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bigduckontax
bigduckontax, Accountant
Category: Tax
Satisfied Customers: 4198
Experience:  FCCA FCMA CGMA ACIS
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Hi, I have a question on UK Capital Gains Tax with respect

Customer Question

Hi, I have a question on UK Capital Gains Tax with respect to my divorce and the sale of the former matrimonial home.
The divorce was finalised in June 2011, I had moved out of the house prior to that in around February 2011. My ex-wife continued to live in the home with our 2 children. In July 2013 she remarried and in January of 2014 moved into a new home her husband had purchased solely in his name. I then moved back into the former matrimonial home.
In September 2014 we agreed a consent order saying the house should be sold and the proceeds split. I also moved out of the house into rented accommodation leaving it empty. The house is now under offer but I have just received a letter from our conveyancer warning us we may be liable for CGT and reading around the web I can't work out whether I or my ex wife are liable or not. Can you give any guidance?
Submitted: 2 years ago.
Category: Tax
Expert:  bigduckontax replied 2 years ago.
Hello, I'm Keith and happy to help you with your question.
Please advise, was this house owned by you, your wife or jointly?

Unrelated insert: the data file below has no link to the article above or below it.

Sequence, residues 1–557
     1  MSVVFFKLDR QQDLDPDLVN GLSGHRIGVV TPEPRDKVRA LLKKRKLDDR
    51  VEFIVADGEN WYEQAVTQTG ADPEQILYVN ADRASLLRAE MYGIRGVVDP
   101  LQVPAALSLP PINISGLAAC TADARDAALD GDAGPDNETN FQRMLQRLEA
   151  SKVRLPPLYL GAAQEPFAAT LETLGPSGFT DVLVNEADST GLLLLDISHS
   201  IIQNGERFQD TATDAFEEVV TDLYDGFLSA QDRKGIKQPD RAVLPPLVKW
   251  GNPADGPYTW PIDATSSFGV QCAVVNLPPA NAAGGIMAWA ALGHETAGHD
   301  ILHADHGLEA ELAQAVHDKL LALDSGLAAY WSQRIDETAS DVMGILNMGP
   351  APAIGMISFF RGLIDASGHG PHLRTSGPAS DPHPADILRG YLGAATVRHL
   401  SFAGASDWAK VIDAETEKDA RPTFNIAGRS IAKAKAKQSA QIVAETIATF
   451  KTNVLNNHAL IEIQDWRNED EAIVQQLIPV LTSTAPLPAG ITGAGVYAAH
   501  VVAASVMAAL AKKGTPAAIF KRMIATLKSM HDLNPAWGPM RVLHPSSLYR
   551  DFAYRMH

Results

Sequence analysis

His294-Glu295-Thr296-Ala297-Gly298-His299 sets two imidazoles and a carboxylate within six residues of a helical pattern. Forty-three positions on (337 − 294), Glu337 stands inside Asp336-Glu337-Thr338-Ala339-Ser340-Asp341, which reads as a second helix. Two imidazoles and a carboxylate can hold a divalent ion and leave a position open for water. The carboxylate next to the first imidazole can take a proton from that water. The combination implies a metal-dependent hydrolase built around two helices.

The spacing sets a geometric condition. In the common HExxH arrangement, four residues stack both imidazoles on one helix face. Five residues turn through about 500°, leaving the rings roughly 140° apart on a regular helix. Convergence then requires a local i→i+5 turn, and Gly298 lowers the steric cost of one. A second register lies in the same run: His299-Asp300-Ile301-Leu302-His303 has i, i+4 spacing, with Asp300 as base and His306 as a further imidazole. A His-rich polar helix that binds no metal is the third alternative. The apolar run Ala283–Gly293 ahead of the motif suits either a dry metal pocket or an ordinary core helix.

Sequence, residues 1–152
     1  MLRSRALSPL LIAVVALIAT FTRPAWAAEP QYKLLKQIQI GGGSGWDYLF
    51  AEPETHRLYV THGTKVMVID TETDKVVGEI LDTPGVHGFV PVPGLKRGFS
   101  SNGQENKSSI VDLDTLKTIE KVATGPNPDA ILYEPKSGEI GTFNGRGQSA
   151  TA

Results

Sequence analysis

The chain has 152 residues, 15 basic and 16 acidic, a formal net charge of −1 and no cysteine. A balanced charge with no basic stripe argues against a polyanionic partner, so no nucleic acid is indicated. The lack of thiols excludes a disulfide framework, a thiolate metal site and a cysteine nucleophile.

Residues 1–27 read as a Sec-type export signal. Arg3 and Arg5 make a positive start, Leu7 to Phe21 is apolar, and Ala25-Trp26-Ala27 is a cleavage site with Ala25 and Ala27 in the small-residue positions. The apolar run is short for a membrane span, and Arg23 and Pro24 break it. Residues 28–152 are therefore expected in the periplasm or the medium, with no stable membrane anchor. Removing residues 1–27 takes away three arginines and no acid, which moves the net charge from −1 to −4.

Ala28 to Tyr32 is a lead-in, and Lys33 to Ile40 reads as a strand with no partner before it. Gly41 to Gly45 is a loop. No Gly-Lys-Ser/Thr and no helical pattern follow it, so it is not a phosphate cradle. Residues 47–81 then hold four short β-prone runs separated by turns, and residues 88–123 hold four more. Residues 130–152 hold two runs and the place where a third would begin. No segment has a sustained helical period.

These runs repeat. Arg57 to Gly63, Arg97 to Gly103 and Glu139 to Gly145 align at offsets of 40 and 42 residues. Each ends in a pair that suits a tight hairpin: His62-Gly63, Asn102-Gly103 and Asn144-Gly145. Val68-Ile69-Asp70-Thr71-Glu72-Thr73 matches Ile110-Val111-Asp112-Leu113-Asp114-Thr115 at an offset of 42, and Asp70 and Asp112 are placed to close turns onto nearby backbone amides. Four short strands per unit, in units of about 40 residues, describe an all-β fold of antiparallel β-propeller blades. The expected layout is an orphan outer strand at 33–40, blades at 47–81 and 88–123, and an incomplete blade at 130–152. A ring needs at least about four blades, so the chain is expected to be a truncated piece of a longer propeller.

Customer: replied 2 years ago.

It was owned jointly

Expert:  bigduckontax replied 2 years ago.
I totally agree with you. I can see no logical reason why CGT applies in this case. I would be inclined as a first stage to ask the conveyancer from whence he derives this remarkable contention.
Either he or she occupied the residence on and off until September so Private Residence Relief (PRR), which relieves 100% of the gain from CGT, would appear to apply. In any event the last 18 months of ownership don't count and the vendor is deemed to be in residence even if this is not the case. This brings the dates back to say 30 June 2013 if you get my drift and your wife, one of the joint tenants of a tenancy in common, the legal term for a jointly owned property, was actually in residence then, thereby emphasising the entitlement to PRR.
This is covered by HMRC Help Sheet 281 which I am sure you have read and this pamphlet appears to confirm this entitlement.
I hope I have been able to confirm your thoughts on this matter.
bigduckontax and other Tax Specialists are ready to help you
Expert:  bigduckontax replied 2 years ago.
Thank you for your support.